All it takes is 3 chords and a dream!

Saturday, January 31, 2009

Review: Lindsay Mac - Stop Thinking

Lindsay Mac – Stop Thinking
2008, Taiga Records

Born in Iowa amid rumors of Pork Tenderloin breakfasts, it’s hard to know whether anyone knew Lindsay Mac was destined for greatness. While gaining classical training in voice, cello and piano in school, it wasn’t until after school that she really found her musical voice. In spite of classical training from such august institutions as the Royal College of Music in London and The San Francisco Conservatory, Lindsay Mac one day decided to strap on her cello and play it like a guitar. Rumor has it that on that day the clouds parted, angels sang and a single ray of brilliant light shown down on cabin Lindsay Mac was living in at the time. While this story should be taken with a grain salt (particularly because I made it up) it is very clear that Lindsay Mac found SOMETHING that day. Stop Thinking is Lindsay Mac’s second full length release, and while we haven’t had the opportunity to hear her debut yet, it is easy to see that Lindsay Mac possesses a certain amount of that musical magic that separates a true artist from a mere musician.

It’s unusual to find a CD that keeps you hanging on each and every note, waiting breathlessly to find out what the artist is going to do next. It’s even more unusual to respond that way on the 2nd or 3rd listen, but that’s the reaction Stop Thinking demands. On Stop Thinking every song is a highlight. The album kicks off with the title track, a stark, comical look at compulsive thinking. As a first time listener I was blown away by this song, between the non-traditional arrangement, the singular nature of Lindsay Mac’s voice and the utter brilliance of the lyrics come as a sweeping and welcome surprise. Amazingly enough, Lindsay Mac doesn’t let up for eleven songs. Faith is a fast moving tune with introspective moments. Faith is discussed in pragmatic terms here, but the arrangement itself plays like a musical metaphor for the title. The greatest hints of beauty fall in the quiet moments between all the action when the writer and listeners psyche are left bear of cover.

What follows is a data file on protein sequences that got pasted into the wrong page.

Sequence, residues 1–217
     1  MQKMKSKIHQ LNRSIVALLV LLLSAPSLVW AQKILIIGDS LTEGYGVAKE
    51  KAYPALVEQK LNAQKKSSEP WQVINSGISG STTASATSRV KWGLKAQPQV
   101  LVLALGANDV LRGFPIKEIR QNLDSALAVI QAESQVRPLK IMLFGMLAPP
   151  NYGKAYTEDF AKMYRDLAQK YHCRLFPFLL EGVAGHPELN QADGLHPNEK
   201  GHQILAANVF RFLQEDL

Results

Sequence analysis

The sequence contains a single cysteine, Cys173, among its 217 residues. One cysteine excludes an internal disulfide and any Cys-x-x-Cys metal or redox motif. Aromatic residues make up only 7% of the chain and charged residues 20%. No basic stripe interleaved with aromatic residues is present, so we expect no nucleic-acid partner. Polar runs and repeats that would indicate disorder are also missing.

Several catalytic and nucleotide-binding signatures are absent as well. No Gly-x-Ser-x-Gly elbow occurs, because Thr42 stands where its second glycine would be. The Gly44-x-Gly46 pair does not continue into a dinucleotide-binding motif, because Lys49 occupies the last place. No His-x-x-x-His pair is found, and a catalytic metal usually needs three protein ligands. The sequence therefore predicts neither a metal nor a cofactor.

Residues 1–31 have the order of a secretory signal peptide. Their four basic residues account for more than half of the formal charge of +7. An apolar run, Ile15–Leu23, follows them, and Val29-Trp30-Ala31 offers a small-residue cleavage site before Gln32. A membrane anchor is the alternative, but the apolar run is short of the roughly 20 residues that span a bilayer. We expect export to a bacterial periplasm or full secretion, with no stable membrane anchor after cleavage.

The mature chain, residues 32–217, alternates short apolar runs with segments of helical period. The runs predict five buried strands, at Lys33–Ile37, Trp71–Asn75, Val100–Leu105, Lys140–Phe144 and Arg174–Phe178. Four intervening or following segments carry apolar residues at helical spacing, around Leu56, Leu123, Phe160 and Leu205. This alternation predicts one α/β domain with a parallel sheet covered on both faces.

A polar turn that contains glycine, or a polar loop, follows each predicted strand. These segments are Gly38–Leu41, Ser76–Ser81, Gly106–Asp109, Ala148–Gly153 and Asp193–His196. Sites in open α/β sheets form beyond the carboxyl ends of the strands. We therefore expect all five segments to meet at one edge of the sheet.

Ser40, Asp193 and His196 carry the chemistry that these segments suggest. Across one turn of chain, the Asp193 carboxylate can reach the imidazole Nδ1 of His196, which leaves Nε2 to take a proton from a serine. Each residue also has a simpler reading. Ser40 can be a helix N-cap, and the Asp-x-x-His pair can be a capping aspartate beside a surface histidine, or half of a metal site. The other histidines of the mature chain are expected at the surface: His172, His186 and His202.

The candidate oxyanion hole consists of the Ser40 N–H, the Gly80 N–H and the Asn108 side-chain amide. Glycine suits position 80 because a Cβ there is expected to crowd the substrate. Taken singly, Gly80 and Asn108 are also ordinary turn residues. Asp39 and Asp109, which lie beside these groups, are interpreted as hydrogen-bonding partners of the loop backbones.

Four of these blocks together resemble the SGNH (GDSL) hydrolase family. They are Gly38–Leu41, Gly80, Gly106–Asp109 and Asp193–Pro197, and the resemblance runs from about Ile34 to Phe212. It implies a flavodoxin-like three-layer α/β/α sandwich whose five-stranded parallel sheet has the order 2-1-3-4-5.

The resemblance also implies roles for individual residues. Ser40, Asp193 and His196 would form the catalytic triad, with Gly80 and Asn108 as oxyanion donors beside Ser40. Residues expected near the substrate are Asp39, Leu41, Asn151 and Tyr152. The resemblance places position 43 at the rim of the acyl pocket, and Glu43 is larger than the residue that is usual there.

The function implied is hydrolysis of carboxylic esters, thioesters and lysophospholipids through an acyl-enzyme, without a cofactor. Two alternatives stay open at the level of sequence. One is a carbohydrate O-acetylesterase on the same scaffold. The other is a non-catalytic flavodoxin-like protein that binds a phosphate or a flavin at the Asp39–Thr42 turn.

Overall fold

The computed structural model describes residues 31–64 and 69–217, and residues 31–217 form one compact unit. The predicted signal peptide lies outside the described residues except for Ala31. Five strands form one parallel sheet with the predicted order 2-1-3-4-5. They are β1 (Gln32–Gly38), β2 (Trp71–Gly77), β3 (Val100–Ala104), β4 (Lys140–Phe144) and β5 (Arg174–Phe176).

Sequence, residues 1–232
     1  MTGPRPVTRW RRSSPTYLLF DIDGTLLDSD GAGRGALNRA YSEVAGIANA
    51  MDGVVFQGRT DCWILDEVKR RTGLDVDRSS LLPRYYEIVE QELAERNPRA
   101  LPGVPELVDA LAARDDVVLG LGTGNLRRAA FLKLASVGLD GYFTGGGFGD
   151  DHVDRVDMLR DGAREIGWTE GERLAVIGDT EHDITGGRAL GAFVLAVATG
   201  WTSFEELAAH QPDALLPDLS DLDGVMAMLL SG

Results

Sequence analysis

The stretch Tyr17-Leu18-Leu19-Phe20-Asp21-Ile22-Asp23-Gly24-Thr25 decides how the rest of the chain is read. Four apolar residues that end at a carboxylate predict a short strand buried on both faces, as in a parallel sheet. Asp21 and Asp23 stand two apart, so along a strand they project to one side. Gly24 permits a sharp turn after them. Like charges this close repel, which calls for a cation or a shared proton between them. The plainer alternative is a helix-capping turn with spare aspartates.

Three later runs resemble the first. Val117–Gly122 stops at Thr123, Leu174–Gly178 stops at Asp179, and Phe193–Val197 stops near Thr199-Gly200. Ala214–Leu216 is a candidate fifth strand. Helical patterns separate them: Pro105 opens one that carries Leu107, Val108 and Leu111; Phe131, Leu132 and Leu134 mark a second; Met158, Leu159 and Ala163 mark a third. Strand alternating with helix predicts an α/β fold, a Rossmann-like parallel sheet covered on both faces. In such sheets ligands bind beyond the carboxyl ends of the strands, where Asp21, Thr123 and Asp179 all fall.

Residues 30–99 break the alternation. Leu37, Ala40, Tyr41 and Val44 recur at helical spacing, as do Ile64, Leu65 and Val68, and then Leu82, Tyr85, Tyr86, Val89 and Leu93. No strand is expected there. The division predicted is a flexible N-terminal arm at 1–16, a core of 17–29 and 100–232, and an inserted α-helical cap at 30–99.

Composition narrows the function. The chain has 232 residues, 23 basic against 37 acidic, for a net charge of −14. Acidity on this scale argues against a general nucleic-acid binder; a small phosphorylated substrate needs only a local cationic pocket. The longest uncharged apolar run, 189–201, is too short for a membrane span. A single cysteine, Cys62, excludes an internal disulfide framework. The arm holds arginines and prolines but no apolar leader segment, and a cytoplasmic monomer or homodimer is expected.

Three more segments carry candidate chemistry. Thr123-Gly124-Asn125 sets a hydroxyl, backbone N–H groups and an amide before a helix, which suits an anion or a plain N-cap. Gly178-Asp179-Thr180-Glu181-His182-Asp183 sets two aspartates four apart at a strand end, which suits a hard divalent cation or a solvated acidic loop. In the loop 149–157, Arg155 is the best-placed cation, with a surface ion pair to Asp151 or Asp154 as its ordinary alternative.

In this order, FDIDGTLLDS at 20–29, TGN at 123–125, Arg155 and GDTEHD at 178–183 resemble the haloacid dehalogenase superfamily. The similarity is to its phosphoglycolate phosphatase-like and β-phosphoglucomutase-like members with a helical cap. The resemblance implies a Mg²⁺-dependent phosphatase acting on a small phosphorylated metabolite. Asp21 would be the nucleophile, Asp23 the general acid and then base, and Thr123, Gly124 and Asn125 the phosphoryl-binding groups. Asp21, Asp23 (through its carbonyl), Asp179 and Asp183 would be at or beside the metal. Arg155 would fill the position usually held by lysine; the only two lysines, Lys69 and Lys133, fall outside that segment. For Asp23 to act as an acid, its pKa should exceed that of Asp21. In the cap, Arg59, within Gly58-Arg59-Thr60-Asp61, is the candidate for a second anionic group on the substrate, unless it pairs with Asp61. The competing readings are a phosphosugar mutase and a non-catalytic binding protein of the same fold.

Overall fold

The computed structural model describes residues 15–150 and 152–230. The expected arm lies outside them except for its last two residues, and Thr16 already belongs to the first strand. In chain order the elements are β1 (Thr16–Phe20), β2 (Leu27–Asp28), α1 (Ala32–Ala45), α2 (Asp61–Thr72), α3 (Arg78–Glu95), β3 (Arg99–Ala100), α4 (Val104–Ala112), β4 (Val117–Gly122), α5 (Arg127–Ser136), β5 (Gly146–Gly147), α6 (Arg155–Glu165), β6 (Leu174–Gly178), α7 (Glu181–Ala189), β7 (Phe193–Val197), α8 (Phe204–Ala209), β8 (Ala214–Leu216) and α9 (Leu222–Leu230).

Barbies & Broncos is a wonderful song about living life in the moment. It’s a quirky song that isn’t nearly as risqué as it may sound on first listen, and may be the finest pop song on the album. 7 Stones is a musical parable full of beauty and grace that are as unexpected as they are confirming. Up to this point Lindsay Mac has been a quirky pop genius who writes great songs; on 7 Stones she proves herself to be a great songwriter. You’ll find yourself drawn into this story like driftwood on the incoming tide. It’s a song of love and faith drawn from deep wells that aren’t visible on the surface of any one person. It’s an amazing song. Rain is one of the most involved arrangements on the album, using South American rhythms like those you might hear on Paul Simon’s Rhythm Of The Saints album. The song is pure genius.

Cry, Cry, Cry is a musical creation in three distinct parts. You would be hard pressed to find an ABC style arrangement with more disparate parts in popular music, yet the three individual creations come together to create pop music. The chorus in particular, with cello, banjo and clarinet taking the lead is an incredible listen. Up next is a cover of The Beatles Blackbird. Over the last several years this has become one of those songs that everyone covers, and in itself has become something of cliché. Nevertheless, Lindsay Mac gives the song a reading that is fresh and welcome that even hardcore Beatles fans will enjoy. You’ll also want to make a point of checking out Peppercorn and Pavement.

Whatever led Lindsay Mac to strap on her cello and play it like a guitar was a good move, there’s no doubt about that. It makes her a unique performer that sticks out in people’s minds, and the image is just one you won’t forget right away. But all of this would be for naught if Lindsay Mac didn’t display a certain level of talent for writing and performing songs. The fact is that Lindsay Mac is one of the most exciting new songwriters we’ve heard in some time. The musical arrangements of her songs on Stop Thinking are utterly brilliant. Her voice is quirky and memorable with a certain abstract beauty that makes you want her to just not stop singing. Lyrically Lindsay Mac tells stories in intelligent lines of musical prose, mixing in wit and color to raise her story telling to an art form. Stop Thinking is utterly brilliant. It’s a Wildy’s World Certified Desert Island Disc. Lindsay Mac is going places fast.

Rating: 5 Stars (Out of 5)

You can learn more about Lindsay Mac at or You can purchase a copy of Stop Thinking at

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